Thursday, August 28, 2008

Presiding Judge Establishes Court to Manage Mental Illness Cases

By Heather Murphy

FLORENCE, AZ – Imagine if a loved one suffered from a serious mental illness and is accused of a crime.  Imagine if you are the victim of a crime committed by someone with a serious mental illness.  In both situations, the ideal outcome is one where justice is served and appropriate care and consideration is paid to both the victim and the accused.  After the Pinal County Mental Health in the Courts Task Force spent many months of planning and coordinating resources, Presiding Superior Court Judge Boyd T. Johnson signed an order establishing the Mental Health Court in Pinal County.


"National research shows that 16 percent of people jailed for criminal offenses also have mental health diagnoses," Judge Johnson said.  "People with mental health conditions are more likely to be arrested.  By default, the criminal justice system becomes the mental health care delivery system or the gateway to that system."


Judge Johnson appointed Judge Janna Vanderpool as Administrative Presiding Judge over the Mental Health Court in Pinal County.


To address a growing problem and awareness of the issues facing the mentally ill in the justice system, the Superior Court in Pinal County formed a Mental Health Task Force in 2005.  Judge Vanderpool is a founding member of the task force.  Other members included representatives from medical and behavioral care providers, County Health and Human Services, the County Attorney, Public Defender, County Jail, Clerk of the Court, Probation and other allied organizations. 


"The task force's goal was collaboration to more swiftly identify the mentally ill, ensure that they are treated with dignity and provide opportunities for treatment," Judge Vanderpool said.  "This protects our neighborhoods and communities, saves money and reduces trauma to both the accused and the victims."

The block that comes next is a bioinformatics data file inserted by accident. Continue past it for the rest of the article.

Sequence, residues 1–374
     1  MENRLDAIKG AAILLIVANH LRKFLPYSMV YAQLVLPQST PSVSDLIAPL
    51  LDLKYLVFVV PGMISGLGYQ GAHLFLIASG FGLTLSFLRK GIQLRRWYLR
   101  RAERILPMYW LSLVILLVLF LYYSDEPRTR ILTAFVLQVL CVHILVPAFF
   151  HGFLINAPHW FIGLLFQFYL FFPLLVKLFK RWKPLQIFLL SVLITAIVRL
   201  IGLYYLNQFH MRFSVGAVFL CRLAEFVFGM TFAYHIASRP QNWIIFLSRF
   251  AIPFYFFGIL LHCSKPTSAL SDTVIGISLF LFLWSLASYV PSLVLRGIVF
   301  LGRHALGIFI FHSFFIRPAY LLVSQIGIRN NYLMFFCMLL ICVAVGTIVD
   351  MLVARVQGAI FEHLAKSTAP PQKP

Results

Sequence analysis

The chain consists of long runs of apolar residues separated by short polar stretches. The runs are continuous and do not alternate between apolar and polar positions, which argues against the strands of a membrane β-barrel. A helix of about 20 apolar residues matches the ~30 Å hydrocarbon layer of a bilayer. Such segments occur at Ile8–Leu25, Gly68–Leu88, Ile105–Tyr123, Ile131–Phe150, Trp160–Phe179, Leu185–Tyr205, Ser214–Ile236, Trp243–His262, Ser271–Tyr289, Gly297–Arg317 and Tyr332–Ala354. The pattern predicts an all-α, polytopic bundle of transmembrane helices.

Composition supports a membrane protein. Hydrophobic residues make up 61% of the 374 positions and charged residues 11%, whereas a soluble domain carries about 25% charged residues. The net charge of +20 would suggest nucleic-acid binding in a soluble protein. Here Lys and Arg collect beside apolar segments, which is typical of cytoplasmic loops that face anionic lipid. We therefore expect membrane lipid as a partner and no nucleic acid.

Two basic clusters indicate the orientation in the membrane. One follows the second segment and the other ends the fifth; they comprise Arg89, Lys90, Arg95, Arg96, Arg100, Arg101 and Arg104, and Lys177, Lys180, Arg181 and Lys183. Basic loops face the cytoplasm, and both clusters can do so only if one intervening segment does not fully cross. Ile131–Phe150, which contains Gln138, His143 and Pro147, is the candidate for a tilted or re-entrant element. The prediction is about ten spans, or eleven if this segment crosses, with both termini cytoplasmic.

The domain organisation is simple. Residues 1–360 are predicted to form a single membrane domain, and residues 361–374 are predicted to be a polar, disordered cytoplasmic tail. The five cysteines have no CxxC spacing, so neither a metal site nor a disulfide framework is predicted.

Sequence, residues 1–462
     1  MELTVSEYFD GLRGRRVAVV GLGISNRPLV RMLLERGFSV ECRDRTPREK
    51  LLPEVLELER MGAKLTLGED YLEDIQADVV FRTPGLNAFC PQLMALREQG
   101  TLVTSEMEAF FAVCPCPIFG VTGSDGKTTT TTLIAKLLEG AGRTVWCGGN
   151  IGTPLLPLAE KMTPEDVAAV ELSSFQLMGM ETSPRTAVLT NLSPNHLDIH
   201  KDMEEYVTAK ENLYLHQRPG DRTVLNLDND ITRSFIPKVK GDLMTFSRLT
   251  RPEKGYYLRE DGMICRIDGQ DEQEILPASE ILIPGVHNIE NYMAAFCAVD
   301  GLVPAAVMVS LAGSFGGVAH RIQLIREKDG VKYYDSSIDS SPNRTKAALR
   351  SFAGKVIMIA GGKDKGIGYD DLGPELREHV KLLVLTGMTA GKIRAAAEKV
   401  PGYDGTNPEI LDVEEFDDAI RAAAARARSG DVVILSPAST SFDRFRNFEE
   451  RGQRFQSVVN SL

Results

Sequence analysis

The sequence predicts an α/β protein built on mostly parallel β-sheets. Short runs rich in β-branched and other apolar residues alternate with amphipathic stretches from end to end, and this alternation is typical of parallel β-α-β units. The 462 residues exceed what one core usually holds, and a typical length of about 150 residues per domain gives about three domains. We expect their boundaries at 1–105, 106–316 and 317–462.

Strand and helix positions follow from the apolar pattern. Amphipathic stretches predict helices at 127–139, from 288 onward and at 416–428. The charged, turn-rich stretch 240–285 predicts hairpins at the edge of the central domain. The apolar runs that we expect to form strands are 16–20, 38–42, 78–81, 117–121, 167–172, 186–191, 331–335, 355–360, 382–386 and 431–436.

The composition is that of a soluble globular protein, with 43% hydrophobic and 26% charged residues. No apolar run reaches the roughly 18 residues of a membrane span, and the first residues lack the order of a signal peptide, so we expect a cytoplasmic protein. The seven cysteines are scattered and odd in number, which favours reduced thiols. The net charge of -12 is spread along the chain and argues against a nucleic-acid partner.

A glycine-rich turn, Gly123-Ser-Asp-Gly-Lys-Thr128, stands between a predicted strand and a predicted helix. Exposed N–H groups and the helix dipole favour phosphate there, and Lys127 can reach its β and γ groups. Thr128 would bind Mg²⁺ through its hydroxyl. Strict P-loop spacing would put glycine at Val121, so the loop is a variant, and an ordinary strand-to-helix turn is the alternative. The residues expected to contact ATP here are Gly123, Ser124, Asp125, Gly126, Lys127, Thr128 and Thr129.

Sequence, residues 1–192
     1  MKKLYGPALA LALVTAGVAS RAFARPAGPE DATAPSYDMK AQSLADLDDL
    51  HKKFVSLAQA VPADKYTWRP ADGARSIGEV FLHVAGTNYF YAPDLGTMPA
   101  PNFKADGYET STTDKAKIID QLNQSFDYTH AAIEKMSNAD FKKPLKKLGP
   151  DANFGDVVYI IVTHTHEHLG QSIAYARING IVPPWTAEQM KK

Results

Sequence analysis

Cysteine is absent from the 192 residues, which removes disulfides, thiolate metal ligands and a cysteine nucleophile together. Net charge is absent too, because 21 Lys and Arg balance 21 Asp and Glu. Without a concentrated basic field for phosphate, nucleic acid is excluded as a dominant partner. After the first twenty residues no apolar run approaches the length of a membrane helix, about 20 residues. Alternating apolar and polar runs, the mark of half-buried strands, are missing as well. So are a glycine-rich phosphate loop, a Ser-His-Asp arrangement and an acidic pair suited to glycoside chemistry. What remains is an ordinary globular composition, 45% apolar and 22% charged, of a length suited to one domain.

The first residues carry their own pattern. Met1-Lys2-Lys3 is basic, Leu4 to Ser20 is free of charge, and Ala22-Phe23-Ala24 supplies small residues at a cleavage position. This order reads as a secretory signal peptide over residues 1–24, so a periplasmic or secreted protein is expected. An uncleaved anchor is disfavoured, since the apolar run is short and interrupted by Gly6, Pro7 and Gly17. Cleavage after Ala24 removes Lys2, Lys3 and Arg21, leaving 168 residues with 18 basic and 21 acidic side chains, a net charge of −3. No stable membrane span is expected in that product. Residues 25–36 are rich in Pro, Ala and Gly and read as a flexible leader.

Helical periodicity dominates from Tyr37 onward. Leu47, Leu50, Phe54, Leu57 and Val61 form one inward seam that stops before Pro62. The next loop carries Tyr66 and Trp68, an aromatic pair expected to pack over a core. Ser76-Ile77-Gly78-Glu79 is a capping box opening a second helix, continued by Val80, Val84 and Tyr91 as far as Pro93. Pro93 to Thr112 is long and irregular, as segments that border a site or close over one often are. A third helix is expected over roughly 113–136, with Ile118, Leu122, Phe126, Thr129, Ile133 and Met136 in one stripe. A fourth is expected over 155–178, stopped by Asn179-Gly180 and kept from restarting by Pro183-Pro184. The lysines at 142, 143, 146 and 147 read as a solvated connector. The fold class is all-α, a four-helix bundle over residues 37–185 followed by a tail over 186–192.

When someone is accused of a crime, the courts have to determine if someone is competent to stand trial and if the person can assist their attorney or public defender in preparing their defense.


"Individuals who do not have the ability to understand what is happening – whether that is due to a disability, mental illness or other mental health issues – must be protected from prosecution in our courts until their ability to understand the proceedings and to assist their attorneys is restored," Judge Johnson said.  "Often, with treatment, medication and education on how the justice system works, we can move forward with a case that might have been dismissed due to competency issues."


"Prior to these recent changes, it could take a year or more of back and forth, just to determine if someone is competent to stand trial or aid in their defense," Judge Vanderpool said.  "Now we can shorten that time by many months."


The process for court-ordered mental health treatment or therapy falls under stringent guidelines laid out in law.  There multiple legal steps and professional evaluations before someone can be court-ordered into treatment or placed into a qualified facility for therapy.  Low-level, non-violent offenders with mental health conditions sometimes can be released for appropriate treatment and supervision.  The courts can also appoint a conservator or guardian, if necessary.


"There are several significant public benefits from more acute attention to, and early assessment of, the mentally ill in our justice system," Judge Vanderpool said.  "Previously, those needing these services were sent to the state hospital and the state's cost for evaluation and restoration to competency was incredibly expensive.  Now, we save taxpayer money by not incarcerating non-violent offenders who have a suitable place to reside.  Additionally, we are now able to provide monitored, out-of-custody and in-jail restoration to competency services."